Apple 17in MacBook Pro
How much battery life? How big a price tag?
More controversial, though, is the 17in Pro's the sealed-in, non-removable battery. Apple’s argument here is that the various latches and other components required to house a removable battery take up extra space inside the chassis that could more productively be devoted to a larger battery. Getting rid of those components from the 17in MacBook Pro has allowed Apple to produce its own custom battery design that packs an admittedly impressive 12,820mAh capacity.
Stonking battery life
Apple claims that this battery can last for as much as eight hours, although that number comes with all the usual caveats that PC manufacturers rely on when quoting battery life. Even so, we had to admit that we were impressed by the battery life that we got from the machine. With wireless networking turned off and the screen brightness lowered to a perfectly watchable 70 per cent of maximum, we were able to play almost exactly five hours of H.264 video.
Less demanding tasks such as browsing the web and running Microsoft Office allowed us to keep going for just a couple of minutes short of seven hours. Those tests were conducted using the GeForce 9400M graphics processor, and you’ll cut a good hour off those times if you switch to the more power-hungry 9600M GT, but it does seem as though there’s some method to Apple’s madness on this occasion. We also noticed that the base of the unit gets warm but not uncomfortably hot, so there’s no noisy fan needed to keep things cool.
This isn’t the first time Apple has locked the battery inside one of its laptop machines. The MacBook Air started that particular trend - and was roundly slated for it. However, the 6-7 hours of battery life provided by the 17in MacBook Pro is a much more attractive proposition than the 3-4 hour battery life of the MacBook Air. If, for some reason, you do need the ability to stick in a spare battery from time to time then the non-removable battery in this model may simply be unacceptable. But if you’re merely looking for a powerful desktop replacement machine then the battery life of the 17in MacBook Pro will be more than adequate.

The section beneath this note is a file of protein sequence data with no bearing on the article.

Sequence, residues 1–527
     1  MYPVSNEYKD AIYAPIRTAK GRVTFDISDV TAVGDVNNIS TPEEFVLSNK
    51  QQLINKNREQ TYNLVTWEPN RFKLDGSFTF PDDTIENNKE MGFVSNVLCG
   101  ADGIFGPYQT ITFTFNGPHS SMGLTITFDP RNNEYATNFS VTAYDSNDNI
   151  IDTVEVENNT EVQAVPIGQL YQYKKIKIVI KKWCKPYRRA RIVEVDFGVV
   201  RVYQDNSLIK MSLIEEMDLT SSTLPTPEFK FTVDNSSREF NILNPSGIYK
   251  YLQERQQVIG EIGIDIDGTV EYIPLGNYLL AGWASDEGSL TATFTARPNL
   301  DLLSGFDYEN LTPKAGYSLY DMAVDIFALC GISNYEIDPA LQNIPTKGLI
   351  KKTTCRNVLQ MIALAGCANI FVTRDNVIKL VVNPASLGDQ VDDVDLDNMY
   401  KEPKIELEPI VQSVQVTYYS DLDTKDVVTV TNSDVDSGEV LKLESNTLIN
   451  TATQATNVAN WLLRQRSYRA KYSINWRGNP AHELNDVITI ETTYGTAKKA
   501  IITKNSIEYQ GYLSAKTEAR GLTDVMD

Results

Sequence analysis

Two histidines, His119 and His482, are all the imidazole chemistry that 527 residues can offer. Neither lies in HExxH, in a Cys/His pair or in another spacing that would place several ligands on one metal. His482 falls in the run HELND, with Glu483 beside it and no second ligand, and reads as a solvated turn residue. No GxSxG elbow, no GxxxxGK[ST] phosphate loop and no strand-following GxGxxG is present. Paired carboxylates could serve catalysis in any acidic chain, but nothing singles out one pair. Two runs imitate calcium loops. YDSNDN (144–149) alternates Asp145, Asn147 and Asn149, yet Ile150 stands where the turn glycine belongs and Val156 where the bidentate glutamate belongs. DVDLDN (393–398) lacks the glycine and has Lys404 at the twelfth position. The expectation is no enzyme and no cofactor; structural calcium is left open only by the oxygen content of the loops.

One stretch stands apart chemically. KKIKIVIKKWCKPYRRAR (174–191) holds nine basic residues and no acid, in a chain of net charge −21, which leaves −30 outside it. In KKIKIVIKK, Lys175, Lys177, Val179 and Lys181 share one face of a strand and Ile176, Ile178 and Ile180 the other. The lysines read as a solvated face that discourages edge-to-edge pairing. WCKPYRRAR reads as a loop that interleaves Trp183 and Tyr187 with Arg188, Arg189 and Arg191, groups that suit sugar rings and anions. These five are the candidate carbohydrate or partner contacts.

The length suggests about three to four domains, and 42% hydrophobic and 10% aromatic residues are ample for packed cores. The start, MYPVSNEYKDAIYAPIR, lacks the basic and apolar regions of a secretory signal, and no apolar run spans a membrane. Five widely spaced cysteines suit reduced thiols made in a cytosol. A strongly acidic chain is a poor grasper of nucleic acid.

A price tag of £1949 is enough to make even the most diehard Mac fan think twice. You could certainly get a similarly specified PC laptop for less – although features such as the Firewire port, twin graphics cards and the long-lasting battery do make direct comparisons difficult. If you just want a powerful Mac laptop then the 13in and 15in models undoubtedly offer better value for money. But then the 17in MacBook Pro is a niche product aimed at a relatively small number of Apple’s creative users who specifically need that big screen display.
The real question, therefore, is whether this new model will tempt those users to upgrade from their existing machines. On that score, the new 17in model will probably succeed, as the twin graphics cards and unibody design correct the most obvious omissions in December’s somewhat pointless update. The new long-lasting battery might also help to swing the decision if people think that it will genuinely allow them to get more work done when they’re on the move. ®
More Mac Laptop Reviews...
White MacBook (Early 2009)
MacBook Air (Late 2008)
MacBook Pro 15in (Late 2008)
MacBook (Late 2008)
Sponsored: DevOps and continuous delivery